San Diego, CA, USA
Sept. 20, 2004 to Sept. 23, 2004
M. Sottile , Adv. Comput. Lab., Los Alamos Nat. Lab., NM, USA
R. Minnich , Adv. Comput. Lab., Los Alamos Nat. Lab., NM, USA
Microbenchmarks, i.e. very small computational kernels, have become commonly used for quantitative measures of node performance in clusters. For example, a commonly used benchmark measures the amount of time required to perform a fixed quantum of work. Unfortunately, this benchmark is one of many that violate well known rules from sampling theory, leading to erroneous, contradictory or misleading results. At a minimum, these types of benchmarks can not be used to identify time-based activities that may interfere with and hence limit application performance. Our original and primary goal remains to identify noise in the system due to periodic activities that are not part of user application code. We discuss why the 'fixed quantum of work' benchmark provides data that is of limited use for analysis; and we show code for, discuss, and analyze results from a microbenchmark which follows good rules of sampling hygiene, and hence provides useful data for analysis.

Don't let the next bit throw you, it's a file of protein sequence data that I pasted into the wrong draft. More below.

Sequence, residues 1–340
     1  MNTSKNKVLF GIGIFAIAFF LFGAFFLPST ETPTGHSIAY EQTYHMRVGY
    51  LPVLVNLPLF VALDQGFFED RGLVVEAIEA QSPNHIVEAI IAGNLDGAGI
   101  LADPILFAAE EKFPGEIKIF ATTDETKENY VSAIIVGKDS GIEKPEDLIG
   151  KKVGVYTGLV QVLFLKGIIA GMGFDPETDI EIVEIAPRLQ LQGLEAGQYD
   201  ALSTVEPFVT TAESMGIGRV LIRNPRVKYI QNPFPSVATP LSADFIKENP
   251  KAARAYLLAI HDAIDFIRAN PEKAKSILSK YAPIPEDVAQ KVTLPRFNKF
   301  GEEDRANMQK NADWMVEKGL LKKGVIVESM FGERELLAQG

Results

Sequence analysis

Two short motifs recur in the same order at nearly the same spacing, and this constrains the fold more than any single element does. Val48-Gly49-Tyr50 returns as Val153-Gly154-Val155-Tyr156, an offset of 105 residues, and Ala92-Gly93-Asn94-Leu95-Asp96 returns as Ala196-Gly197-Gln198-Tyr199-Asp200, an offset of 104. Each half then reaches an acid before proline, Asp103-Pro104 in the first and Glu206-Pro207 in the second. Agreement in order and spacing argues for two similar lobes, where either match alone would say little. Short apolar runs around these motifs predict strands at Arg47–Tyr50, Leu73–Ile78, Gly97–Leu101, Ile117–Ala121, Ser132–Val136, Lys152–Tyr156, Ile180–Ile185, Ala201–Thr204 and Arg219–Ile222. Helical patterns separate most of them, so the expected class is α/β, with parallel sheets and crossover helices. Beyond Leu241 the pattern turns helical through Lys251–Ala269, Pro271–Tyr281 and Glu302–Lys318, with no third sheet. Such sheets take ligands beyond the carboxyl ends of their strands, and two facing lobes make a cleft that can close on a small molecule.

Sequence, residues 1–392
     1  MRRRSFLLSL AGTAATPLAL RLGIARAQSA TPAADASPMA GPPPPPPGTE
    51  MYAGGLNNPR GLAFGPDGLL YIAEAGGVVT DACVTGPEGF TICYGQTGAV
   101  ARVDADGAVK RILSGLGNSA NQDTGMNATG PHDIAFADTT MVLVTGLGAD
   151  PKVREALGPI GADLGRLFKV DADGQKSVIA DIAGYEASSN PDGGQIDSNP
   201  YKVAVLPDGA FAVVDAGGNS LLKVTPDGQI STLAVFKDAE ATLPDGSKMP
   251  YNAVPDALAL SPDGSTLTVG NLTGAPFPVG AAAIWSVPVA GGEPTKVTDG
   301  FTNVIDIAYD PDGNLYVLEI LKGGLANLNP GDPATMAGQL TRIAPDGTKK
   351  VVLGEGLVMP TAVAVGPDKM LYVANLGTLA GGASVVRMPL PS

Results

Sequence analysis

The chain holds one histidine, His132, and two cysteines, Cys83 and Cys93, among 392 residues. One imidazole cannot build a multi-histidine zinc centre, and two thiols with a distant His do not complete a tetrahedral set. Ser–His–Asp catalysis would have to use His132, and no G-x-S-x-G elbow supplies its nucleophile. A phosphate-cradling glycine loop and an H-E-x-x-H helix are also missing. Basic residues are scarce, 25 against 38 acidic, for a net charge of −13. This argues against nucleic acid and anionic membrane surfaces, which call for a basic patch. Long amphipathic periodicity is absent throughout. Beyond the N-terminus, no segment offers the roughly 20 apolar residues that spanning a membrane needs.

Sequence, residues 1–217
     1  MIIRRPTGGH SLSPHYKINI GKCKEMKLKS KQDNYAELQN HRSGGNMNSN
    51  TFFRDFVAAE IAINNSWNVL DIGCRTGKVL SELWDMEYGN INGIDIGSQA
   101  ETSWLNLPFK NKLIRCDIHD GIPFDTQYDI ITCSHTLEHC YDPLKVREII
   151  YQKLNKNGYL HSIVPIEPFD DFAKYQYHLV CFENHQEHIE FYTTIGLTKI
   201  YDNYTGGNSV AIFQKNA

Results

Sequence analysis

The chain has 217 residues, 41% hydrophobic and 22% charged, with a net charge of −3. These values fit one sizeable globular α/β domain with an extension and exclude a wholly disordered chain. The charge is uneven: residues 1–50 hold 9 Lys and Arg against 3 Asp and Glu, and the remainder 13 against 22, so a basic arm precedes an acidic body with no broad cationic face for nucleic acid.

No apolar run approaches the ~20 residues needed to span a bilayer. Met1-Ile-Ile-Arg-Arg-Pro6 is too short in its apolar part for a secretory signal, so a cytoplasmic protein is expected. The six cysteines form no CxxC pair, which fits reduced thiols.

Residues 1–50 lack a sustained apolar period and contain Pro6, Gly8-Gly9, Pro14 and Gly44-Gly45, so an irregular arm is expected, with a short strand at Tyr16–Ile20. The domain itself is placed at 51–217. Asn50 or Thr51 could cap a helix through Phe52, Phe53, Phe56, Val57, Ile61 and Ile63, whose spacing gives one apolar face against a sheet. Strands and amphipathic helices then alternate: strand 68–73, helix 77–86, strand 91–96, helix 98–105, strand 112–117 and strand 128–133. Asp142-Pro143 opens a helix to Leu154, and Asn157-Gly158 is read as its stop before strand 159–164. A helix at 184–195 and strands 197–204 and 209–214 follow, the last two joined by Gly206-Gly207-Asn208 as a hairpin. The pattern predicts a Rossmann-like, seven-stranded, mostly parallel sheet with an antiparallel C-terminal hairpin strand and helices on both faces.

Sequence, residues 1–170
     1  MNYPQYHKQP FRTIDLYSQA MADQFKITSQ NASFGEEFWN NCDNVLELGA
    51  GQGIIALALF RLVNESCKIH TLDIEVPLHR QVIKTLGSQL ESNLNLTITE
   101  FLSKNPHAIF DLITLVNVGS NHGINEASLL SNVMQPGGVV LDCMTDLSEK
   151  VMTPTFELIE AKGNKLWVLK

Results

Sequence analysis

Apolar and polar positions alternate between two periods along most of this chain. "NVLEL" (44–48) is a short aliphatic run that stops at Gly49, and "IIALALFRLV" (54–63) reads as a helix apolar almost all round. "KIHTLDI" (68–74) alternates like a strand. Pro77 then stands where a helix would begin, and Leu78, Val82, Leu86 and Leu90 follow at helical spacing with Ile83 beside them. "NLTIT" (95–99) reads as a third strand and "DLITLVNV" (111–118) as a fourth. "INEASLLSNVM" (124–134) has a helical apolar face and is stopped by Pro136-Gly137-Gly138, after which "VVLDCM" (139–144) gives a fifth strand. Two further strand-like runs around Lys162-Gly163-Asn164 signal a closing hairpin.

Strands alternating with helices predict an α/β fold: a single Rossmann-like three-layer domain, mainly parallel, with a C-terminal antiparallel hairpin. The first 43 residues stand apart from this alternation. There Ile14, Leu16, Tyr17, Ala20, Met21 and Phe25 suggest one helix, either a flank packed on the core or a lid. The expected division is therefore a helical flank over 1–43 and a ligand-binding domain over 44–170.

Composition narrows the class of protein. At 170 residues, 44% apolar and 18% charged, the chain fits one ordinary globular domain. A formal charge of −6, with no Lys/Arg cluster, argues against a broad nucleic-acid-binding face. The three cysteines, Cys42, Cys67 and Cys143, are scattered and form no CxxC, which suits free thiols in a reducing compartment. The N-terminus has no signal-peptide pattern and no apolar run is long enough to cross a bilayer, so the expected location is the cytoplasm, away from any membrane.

M. Sottile, R. Minnich, "Analysis of microbenchmarks for performance tuning of clusters", CLUSTER, 2004, 2013 IEEE International Conference on Cluster Computing (CLUSTER), 2013 IEEE International Conference on Cluster Computing (CLUSTER) 2004, pp. 371-377, doi:10.1109/CLUSTR.2004.1392636